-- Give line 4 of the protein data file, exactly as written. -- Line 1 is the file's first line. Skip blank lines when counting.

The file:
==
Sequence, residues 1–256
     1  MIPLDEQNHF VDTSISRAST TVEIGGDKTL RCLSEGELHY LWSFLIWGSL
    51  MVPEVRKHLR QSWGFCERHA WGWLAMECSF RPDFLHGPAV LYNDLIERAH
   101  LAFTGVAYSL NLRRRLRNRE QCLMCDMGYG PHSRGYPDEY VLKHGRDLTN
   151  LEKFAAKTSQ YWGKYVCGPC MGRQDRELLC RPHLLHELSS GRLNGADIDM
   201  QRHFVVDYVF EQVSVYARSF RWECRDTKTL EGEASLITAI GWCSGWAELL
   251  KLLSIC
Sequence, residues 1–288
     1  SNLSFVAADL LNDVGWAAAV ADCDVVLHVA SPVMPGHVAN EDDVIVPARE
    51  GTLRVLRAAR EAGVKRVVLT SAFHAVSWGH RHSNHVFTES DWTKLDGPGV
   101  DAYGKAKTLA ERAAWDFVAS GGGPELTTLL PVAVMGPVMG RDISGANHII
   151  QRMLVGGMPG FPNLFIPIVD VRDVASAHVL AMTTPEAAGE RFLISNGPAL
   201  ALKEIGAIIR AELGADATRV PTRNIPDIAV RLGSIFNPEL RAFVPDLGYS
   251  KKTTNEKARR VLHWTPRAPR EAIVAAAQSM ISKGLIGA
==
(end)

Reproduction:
   101  LAFTGVAYSL NLRRRLRNRE QCLMCDMGYG PHSRGYPDEY VLKHGRDLTN